Enhanced interrogation techniques are just a fancy way to describe torture. Often seen as a vital component of the war against terrorism, these techniques were primarily employed by the CIA. Other branches of the US Armed Forces and very secret sites around the world would also utilize enhanced interrogation techniques in order to obtain information from high-value prisoners. Numerous courts around the world have ruled that these techniques amount to torture and in some cases have even ordered compensation to those who have been interrogated in such a way.
There are some pros and cons to using enhanced interrogation techniques. Let’s take a look at some of them more in-depth.
It is Possible to Get High-Value Information Quickly
Despite a lot of bravado, everyone eventually talks. What enhanced interrogation techniques do is bring that person to a talking point much sooner. That is because all semblance of comfort is removed from the situation. When there is a bomb that needs to be found for a terrorist attack about to be completed, these techniques allow investigators to move quickly and save lives.
There Are Numerous Ethical Concerns
In 2005, the CIA destroyed tapes that you pick the prisoners under their care being tortured. The justification? That what was being seen was so horrific that it would be devastating to anyone outside of the agency. Not only does the United States have anti-torture statute in place, but they are also assigned member of the UN Convention against Torture.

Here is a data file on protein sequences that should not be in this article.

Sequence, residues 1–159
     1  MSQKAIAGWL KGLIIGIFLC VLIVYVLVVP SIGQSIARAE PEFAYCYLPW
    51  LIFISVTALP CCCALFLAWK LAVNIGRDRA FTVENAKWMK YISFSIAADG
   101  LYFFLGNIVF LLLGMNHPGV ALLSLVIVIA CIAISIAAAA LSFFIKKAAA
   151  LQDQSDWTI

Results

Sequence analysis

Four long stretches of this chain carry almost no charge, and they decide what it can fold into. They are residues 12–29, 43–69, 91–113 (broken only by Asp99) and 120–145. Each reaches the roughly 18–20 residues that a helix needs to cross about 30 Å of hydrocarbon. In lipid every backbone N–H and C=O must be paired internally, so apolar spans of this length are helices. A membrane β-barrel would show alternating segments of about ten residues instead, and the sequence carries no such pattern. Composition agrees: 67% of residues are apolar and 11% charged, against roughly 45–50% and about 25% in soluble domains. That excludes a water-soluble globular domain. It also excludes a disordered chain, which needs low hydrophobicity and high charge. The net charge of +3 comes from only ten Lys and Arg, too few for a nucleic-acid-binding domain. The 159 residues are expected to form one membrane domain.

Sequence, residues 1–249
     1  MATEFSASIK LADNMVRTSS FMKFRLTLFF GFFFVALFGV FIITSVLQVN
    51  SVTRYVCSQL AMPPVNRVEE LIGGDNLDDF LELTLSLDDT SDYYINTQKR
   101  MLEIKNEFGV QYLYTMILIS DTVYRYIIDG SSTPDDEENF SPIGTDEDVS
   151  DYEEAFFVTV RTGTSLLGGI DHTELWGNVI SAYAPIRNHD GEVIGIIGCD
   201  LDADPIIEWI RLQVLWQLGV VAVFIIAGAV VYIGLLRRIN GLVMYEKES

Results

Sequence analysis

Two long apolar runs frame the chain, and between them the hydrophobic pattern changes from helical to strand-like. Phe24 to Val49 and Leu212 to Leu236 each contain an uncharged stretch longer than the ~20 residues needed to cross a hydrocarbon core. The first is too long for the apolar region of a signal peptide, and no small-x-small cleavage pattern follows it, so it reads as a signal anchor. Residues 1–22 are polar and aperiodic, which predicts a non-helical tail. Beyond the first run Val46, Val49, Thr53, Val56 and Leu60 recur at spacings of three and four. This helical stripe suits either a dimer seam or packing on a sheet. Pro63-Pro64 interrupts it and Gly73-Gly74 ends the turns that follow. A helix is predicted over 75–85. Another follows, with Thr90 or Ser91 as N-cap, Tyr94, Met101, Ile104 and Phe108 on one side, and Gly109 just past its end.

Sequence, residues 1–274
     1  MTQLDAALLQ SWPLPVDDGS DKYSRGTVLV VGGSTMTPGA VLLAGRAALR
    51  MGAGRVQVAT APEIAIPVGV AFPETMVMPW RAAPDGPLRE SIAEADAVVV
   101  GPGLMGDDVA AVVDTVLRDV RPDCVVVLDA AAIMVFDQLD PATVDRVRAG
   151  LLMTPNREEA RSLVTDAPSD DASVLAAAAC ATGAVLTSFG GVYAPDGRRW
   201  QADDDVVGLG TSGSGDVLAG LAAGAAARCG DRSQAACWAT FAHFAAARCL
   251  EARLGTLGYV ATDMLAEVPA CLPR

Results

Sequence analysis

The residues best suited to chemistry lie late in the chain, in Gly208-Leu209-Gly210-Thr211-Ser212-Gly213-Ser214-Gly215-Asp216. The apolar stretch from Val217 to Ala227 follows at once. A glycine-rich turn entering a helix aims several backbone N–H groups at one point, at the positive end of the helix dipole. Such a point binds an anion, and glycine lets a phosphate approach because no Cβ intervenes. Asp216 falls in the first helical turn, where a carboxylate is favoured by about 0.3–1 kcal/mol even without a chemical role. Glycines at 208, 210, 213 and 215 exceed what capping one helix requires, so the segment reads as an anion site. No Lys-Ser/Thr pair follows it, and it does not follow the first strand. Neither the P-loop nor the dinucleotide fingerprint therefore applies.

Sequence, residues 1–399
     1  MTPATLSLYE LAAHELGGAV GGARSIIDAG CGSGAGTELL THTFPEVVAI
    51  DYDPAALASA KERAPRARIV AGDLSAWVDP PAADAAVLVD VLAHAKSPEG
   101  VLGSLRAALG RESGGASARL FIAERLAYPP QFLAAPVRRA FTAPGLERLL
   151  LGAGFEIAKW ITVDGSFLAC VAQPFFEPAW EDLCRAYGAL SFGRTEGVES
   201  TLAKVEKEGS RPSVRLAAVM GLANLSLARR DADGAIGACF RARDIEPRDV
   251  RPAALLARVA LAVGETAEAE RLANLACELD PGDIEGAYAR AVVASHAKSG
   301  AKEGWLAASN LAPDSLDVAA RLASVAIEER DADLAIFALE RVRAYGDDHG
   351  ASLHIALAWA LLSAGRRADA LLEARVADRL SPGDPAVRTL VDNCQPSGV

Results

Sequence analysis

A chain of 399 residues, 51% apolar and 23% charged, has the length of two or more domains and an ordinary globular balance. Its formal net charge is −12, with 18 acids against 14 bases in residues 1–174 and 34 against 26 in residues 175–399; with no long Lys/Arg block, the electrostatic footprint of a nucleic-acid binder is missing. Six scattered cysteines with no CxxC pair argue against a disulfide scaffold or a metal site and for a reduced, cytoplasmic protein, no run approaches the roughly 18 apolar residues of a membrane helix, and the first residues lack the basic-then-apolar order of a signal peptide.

The Information May Not Be Reliable
When people are in pain, they are willing to say or do anything to make sure that the pain stops. This is why confessions that are obtained by law-enforcement officials are thrown out of court sometimes. When someone is locked up in an interrogation room for several hours at a time and deprived of sleep, some people can become so desperate to and that kind of situation that they’ll say anything so that they can move on with life. If people can give up just by sitting in a room by themselves and being deprived of the bathroom, now imagine what people would be willing to say in there being water boarded, or essentially drowned time and time again.
Fear Becomes a Primary Motivator
Even if there is no pain involved, there is a lot of fear involved in the use of enhanced interrogation techniques. Loud music, the manipulation of the environment, or just long interrogations that can exceed 20 hours are all designed to control the level of fear within the person who is being questioned. This is why US didn’t classify prisoners as an actual prisoner of war. If they had, then they would have been in violation of the Geneva Convention.
There Were No Safeguards in Place
The problem with absolute power is that it is able to corrupt absolutely. Even when enhanced techniques are authorized and don’t reach the level of torture, the interrogator can still be too persistent and too aggressive in their line of questioning. When they answer to no one and there is no supervision of the interrogation, it becomes their word against the word of the prisoner. In that sort of situation, who is the general public more likely to believe?